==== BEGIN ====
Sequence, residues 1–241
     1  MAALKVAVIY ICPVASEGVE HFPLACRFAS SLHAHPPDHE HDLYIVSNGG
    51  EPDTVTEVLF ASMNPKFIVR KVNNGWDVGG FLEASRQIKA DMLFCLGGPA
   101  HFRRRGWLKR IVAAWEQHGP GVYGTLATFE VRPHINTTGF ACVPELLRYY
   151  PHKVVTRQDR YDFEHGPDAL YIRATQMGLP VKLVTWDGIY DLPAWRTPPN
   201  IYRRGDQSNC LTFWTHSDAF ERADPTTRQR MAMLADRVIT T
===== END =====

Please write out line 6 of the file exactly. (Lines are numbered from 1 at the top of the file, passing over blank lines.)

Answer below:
   201  IYRRGDQSNC LTFWTHSDAF ERADPTTRQR MAMLADRVIT T